Backstage Stories, a New Play by an Old Theatre Hand
By Gary Carr
It’s always good when an original play by a Bay Area playwright based in a “small but mighty” theatre company gets some serious notice. The following is a review of one such work, Backstage Stories, by long-time Bay Area theatre jack-of-all-trades, John Hull.
Below, Glenn Havlan, manager of San Francisco’s Theater of Others, analyzes the November 2017 production of Hull’s play and also tips his hat to a fellow small theater, the 16th Street Players. Mr. Havlan shines a spotlight on Hull, San Francisco’s 16th Street Players, and the venue they use, the Mission Dolores Auditorium.
Glenn Havlan’s Review
The 16th Street Players are back, this time with an original piece by John Hull. Actually, it’s a dozen scenes all on the subject of theatre as experienced by its practitioners. Backstage Stories, written over several years, compiles these scenes into a two-act format of about 90 minutes. A large cast rotates through the various scenes as different characters. The brief scenes are carefully paced, and they immediately begin to roll into each other, creating some kind of continuity from the different stories and moods depicted.
One thing that holds them together is the stage design, also by Mr. Hull. They are all set in a dressing room with a table set downstage. The entrances and exits are cleverly positioned around the conventional box set and are changed by moving set pieces like a wardrobe cabinet and a free-standing screen. It gives us the feeling that the room has been there for ages and that we’re seeing episodes experienced by its various occupants over many years.
The dialogue in the scenes is natural and tells the stories concisely. Mr. Hull avoids making the characters sound the same, giving them individual voices that suit the settings and attitudes of the people he depicts. This is a world he knows well. It is recognizable to experienced theater people and informative to outsiders.
Director Katina Letheule understands that each scene needs to begin at a brisk clip and that characters need to be established clearly and immediately. Not all of her fifteen actors are equal to this task, which has something of the craft of improv about it.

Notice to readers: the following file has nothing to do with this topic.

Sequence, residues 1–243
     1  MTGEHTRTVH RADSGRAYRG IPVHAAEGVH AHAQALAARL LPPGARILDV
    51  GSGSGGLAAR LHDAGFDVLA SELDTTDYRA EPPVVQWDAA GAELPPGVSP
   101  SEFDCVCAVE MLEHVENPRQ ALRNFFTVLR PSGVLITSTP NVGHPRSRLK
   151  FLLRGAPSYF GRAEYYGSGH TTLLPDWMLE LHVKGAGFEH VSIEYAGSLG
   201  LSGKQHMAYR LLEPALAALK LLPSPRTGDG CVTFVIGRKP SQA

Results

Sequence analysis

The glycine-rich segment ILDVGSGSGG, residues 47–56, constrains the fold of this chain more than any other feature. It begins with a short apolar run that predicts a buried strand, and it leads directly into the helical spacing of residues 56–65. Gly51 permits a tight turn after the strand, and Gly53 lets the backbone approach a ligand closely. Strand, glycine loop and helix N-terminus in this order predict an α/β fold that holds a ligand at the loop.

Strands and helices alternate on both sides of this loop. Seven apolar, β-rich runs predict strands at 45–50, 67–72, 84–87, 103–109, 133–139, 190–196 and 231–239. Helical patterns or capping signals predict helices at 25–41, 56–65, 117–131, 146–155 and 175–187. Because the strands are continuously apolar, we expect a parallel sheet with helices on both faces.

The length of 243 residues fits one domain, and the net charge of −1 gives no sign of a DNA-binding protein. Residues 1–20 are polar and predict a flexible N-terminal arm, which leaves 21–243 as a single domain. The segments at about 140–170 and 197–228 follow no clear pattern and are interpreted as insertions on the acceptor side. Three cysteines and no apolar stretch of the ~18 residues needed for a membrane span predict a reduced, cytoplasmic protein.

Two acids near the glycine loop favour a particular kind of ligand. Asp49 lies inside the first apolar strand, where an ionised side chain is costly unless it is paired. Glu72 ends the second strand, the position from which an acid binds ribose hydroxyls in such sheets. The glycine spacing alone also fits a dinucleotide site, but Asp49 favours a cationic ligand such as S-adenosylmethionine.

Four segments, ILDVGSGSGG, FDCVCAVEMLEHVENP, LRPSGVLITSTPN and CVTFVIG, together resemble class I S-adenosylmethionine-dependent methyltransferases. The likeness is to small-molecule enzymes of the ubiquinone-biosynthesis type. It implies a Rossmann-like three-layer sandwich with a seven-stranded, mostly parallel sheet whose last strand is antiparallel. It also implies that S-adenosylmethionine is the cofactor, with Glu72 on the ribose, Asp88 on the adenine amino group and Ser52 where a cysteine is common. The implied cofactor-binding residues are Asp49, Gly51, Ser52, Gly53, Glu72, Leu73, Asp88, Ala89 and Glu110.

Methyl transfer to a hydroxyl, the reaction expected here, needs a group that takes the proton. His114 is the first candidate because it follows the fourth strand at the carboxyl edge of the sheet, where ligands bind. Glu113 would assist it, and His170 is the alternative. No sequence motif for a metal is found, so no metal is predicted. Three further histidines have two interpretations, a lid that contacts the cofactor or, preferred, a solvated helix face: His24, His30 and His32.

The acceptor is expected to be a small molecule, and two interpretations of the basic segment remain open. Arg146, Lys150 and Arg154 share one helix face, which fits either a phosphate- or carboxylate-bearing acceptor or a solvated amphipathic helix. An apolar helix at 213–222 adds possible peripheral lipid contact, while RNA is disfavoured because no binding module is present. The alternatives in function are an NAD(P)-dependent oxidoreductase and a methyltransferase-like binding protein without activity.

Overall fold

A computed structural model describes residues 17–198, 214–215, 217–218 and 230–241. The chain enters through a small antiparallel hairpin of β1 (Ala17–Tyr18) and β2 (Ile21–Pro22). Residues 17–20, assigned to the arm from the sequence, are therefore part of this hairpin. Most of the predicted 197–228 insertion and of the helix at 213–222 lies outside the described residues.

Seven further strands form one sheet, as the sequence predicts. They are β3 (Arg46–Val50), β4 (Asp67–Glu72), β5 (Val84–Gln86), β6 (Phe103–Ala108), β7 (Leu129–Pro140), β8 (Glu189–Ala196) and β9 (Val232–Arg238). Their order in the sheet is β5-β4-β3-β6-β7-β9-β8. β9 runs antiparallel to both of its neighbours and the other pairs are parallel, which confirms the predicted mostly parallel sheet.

Particularly adept is Jayme Catalano especially in “The Fracas,” as a stage diva playing off her impending marriage against the chance of a better offer. In that scene she shows excellent comic timing along with Lauren Arnold, who also shines as a ditzy Betty-Boopish innocent in “Heart of Gold” and executes a slow burn comic bit in “Places, Please.” Daniel Morgan displays good energy and clear characterizations in “The Fracas” and “The Costume.”
A nice, wistful scene called “The Debut” is played with feeling by a mother/daughter casting of Shay Oglesby-Smith and Anna Smith. Ms. Oglesby-Smith switches gears and attacks several other characters with gusto, especially as an actress engineering her own comeback in “The Ghostwriter.”
The remaining actors are at least competent, if not as able to accelerate at the rate of the others. And if not everyone is able to clearly differentiate their various roles, the clever sequencing spreads them out enough. This well-considered ordering of the scenes varies the moods among the comic and serious pieces. It also allows for the costume changes, as the cast goes through almost fifty outfits during the evening. The costumes by Marjorie Moore and Taurean Feaster are colorful and distinctive, helping to establish the personalities.
The director has done an excellent job of organizing the pieces into a whole and she keeps her actors moving at various paces that keep the scenes from blurring together. The choice, by either her or the writer, to imagine many characters as British suffers from some unconvincing attempts by a few of the actors to pull it off. Otherwise, Ms. Letheule’s craft is solid and serves the format well, combining the twelve pieces (along with a prologue and epilogue) into an entertaining show that never lags. In fact, it ends with a wild slapstick scene complete with Keystone Cops-type wackies, expertly staged to bring the collection to a furious finish.
The 16th Street Players have utilized the handsome venue on the grounds of Mission Dolores with style since 2009. After a three-year hiatus, they returned last year with an amusing production of “Murdered to Death.” Here’s hoping that the room will continue to function as a theatrical venue. It has a proper stage and the technical enhancements of lighting and sound by Production Manager and Technical Director Paul Seliga make the place a very attractive performance space. The Players have demonstrated an expertise in producing complicated plays in the theater, and their next event will be worth seeing too.